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  1. #1
    can't handcuff the wind Z Buck McFate's Avatar
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    Default Why Nobody Cares the President Is Lying

    Why Nobody Cares the President Is Lying


    There's quite a bit to work with in that article (which anyone else is welcome to copy/paste here themselves), but I'm primarily interested in this:

    Perhaps just as important, it will be incumbent on conservative media outlets to push back as well. Conservatism should be a reality-based philosophy, and the movement will be better off if it recognizes that facts really do matter. There may be short-term advantages to running headlines about millions of illegal immigrants voting or secret United Nations plots to steal your guns, but the longer the right enables such fabrications, the weaker it will be in the long run. As uncomfortable as it may be, it will fall to the conservative media to police its worst actors.

    Does anyone agree with this? Not agree with it?

    I'm not sure I believe it. I want to believe that ultimately (actual) facts will win, but I'm dubious. Studies done by Leon Festinger are coming to mind. From Festinger's Wiki page:

    Festinger and his collaborators, Henry Riecken and Stanley Schachter, examined conditions under which disconfirmation of beliefs leads to increased conviction in such beliefs in the 1956 book When Prophecy Fails. The group studied a small apocalyptic cult led by Dorothy Martin (under the pseudonym Marian Keech in the book), a suburban housewife.[50][51] Martin claimed to have received messages from "the Guardians," a group of superior beings from another planet. The messages purportedly said that a flood would destroy the world on December 21, 1954. The three psychologists and several more assistants joined the group. The team observed the group firsthand for months before and after the predicted apocalypse. Many of the group members quit their jobs and disposed of their possessions in preparation for the apocalypse. When doomsday came and went, Martin claimed that the world had been spared because of the "force of Good and light"[52] that the group members had spread throughout the world. Rather than abandoning their discredited beliefs, group members adhered to them even more strongly and began proselytizing with fervor.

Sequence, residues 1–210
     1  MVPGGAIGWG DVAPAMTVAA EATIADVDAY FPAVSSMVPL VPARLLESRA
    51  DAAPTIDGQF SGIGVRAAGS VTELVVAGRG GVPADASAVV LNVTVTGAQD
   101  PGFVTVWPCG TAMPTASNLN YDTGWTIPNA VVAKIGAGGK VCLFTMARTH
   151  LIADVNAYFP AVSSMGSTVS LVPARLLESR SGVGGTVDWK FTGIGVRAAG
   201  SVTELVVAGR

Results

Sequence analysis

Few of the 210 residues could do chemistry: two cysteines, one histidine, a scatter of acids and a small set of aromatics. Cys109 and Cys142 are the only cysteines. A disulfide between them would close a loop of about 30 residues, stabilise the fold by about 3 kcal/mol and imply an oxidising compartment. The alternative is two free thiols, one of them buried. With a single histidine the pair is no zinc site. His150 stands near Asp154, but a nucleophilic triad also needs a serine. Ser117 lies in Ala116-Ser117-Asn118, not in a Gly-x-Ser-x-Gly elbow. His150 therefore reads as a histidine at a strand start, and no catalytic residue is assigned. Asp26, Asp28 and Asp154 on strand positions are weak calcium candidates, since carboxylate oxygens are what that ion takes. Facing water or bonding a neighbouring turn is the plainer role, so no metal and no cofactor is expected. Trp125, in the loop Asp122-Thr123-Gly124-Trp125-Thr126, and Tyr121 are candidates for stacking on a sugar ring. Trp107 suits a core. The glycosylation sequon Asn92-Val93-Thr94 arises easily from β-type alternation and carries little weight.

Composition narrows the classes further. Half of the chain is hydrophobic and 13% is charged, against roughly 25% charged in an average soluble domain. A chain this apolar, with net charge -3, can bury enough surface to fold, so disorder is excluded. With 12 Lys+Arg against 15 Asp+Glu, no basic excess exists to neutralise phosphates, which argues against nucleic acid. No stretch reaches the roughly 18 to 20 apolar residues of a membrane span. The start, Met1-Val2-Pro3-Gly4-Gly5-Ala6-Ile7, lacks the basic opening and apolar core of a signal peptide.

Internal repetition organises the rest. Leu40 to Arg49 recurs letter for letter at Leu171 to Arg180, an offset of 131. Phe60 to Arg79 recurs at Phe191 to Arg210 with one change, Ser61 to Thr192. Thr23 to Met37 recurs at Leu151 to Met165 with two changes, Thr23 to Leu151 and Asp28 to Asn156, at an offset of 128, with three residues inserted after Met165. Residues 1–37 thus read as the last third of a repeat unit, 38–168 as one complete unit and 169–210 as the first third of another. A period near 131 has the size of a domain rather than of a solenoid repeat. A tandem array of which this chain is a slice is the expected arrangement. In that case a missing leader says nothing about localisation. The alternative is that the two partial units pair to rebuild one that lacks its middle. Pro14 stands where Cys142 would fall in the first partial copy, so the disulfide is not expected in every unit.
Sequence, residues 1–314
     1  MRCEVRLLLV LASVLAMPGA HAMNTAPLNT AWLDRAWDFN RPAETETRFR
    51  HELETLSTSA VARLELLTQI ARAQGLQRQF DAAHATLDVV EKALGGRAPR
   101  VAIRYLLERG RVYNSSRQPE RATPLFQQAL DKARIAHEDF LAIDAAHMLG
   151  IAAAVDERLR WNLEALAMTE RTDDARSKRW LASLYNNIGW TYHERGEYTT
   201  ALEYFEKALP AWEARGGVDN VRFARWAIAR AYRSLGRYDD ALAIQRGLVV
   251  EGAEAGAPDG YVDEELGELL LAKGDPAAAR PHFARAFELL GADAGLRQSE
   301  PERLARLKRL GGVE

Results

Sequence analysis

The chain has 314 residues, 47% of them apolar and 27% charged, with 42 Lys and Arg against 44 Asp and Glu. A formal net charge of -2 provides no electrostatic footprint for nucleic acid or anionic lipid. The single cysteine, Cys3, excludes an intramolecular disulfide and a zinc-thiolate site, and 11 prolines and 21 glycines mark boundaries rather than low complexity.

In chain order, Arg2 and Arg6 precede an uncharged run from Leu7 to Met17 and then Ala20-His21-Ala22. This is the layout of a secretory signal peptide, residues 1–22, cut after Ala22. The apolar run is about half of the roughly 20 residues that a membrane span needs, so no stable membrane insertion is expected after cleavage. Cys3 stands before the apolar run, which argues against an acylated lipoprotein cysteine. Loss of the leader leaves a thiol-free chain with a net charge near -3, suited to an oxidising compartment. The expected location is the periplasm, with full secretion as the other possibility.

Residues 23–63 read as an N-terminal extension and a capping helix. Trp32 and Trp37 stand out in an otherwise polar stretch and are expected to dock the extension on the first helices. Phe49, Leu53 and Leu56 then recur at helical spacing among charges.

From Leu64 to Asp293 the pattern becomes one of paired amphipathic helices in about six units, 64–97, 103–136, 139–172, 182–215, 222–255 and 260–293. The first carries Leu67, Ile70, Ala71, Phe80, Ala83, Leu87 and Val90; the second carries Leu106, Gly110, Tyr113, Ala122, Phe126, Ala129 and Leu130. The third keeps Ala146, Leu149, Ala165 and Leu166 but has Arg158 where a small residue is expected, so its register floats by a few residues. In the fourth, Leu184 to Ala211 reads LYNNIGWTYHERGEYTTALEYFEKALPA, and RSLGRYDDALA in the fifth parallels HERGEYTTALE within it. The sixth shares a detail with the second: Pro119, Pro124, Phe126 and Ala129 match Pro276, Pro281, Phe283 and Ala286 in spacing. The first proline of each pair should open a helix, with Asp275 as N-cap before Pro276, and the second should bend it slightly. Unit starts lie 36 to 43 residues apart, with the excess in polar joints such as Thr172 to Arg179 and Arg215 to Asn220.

Festinger and his co-authors concluded that the following conditions lead to increased conviction in beliefs following disconfirmation:

    1. The belief must be held with deep conviction and be relevant to the believer's actions or behavior.
    2. The belief must have produced actions that are difficult to undo.
    3. The belief must be sufficiently specific and concerned with the real world such that it can be clearly disconfirmed.
    4. The disconfirmatory evidence must be recognized by the believer.
    5. The believer must have social support from other believers.[53]

    Festinger also later described the increased conviction and proselytizing by cult members after disconfirmation as a specific instantiation of cognitive dissonance (i.e., increased proselyting reduced dissonance by producing the knowledge that others also accepted their beliefs) and its application to understanding complex mass phenomena.

    While it might seem overblown to compare Trump supporters to full on doomsday cult stuff- the point I'm trying to make is that "disconfirmation of beliefs leads to increased conviction in such beliefs", especially when a person is surrounded by social support from other believers.

    Paired with this (more from NYT article linked above):

    The Russian dissident and chess grandmaster Garry Kasparov drew upon long familiarity with that process when he tweeted: “The point of modern propaganda isn’t only to misinform or push an agenda. It is to exhaust your critical thinking, to annihilate truth.”

    Mr. Kasparov grasps that the real threat is not merely that a large number of Americans have become accustomed to rejecting factual information, or even that they have become habituated to believing hoaxes. The real danger is that, inundated with “alternative facts,” many voters will simply shrug, asking, “What is truth?” — and not wait for an answer.

    In that world, the leader becomes the only reliable source of truth; a familiar phenomenon in an authoritarian state, but a radical departure from the norms of a democratic society. The battle over truth is now central to our politics.


    Will actual facts ever start winning again? It seems to me like there needs to be a strong incentive for people to question the 'truth' a leader is asserting- what could provide that incentive?
    Reality is a collective hunch. -Lily Tomlin

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  2. #2
    captain steve williams Typh0n's Avatar
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    The problem is that Trump uses intimidation like so many authoritarian "leaders". Conservatives who disagree with Trump like McCain are in a really tough spot right now. Whenever Trump is challenged, he shows his true colors: he can't stand to be corrected, or rebuked. He sees himself as above criticisim. That's like some abusive manipulator tactics right there; whenever someone challenges you, act like it's your very person being threatened.